The saying that races can be won and lost in the corners is very true, especially at the leeward mark. But here’s where being proactive and attentive to sail trim can really make the difference.
The telltales of a clean leeward mark rounding: a good upwind exit angle, crew on the rail, no ghosts on the foredeck.
A clean exit around the leeward mark requires a few consistent parts: a timely douse, good sail trim, proper rudder load, and a smooth, consistent rate of turn. In any competitive fleet a good rounding can be a make or break part of the race.
Timely douse: Good timing on the spinnaker douse is critical. As I continue to learn time and again, early is better then late. The biggest criticism of my own game would my habit of pushing too far into the mark, at the risk of losing because of an untidy douse, which is greater than the potential gain. As soon as the boat is on the edge of the three-length zone, get rid of the spinnaker. In windier conditions make it happen even earlier, prioritizing a clean foredeck and weight on the rail as the boat turns onto the breeze.
Sail trim: This is where a bad turn gets amplified. A flapping mainsail kills the momentum of the turn and keeps the front of the boat loaded more than the rudder. The ideal turn is when the mainsail is trimmed slightly harder, or ahead of the turn, keeping enough (but not too much load) on the rudder, helping the boat onto an upwind angle. The jib trim should be just behind the mainsail, but if the trimmer errs, it’s better to have the sail slightly under trimmed than over trimmed. This will again make it easier for the helmsman to hit the upwind angle.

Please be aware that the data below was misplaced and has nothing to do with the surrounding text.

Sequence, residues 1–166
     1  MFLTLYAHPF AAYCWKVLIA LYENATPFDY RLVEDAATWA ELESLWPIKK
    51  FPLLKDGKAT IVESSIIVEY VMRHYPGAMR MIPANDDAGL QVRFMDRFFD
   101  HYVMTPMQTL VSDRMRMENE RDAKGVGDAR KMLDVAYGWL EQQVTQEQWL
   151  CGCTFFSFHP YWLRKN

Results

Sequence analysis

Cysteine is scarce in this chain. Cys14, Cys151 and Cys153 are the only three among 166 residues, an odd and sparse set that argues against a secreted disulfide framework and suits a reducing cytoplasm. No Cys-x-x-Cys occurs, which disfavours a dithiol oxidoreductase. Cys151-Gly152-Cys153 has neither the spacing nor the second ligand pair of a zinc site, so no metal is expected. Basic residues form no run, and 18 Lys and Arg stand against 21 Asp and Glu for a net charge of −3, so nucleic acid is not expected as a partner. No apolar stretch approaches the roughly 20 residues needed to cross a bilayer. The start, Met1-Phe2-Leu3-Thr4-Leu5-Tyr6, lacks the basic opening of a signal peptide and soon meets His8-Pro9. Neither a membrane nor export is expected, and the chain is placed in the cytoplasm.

Rudder load: This is completely dependent on the conditions. The sail trim should be enough to encourage the boat onto the upwind angle, but not so much so that the boat loses control and spins out while rounding the mark. In an ideal world, the load is enough that the helmsman can turn upwind with control and land just inside of the upwind angle. From there they can press slightly on the jib to build speed, without giving up precious gauge, to maintain a tight lane. Rudder load will dictate this, so when in doubt, slightly more load is better then less.
The turn: A good turn starts wide and passes as close to the mark as possible on a close-hauled course. That’s easy to say, and yet in the heat of the moment it’s often harder to execute. My recommendation is for the helmsman to have a good line of sight to the mark, good balance on the helm (meaning you can control the rate of turn and the boat is not controlling you), and practice different approach angles, always working toward passing the mark as close to upwind as possible. Again, the priority is to be on the breeze or slightly thin on the jib to hold the lane out of the bottom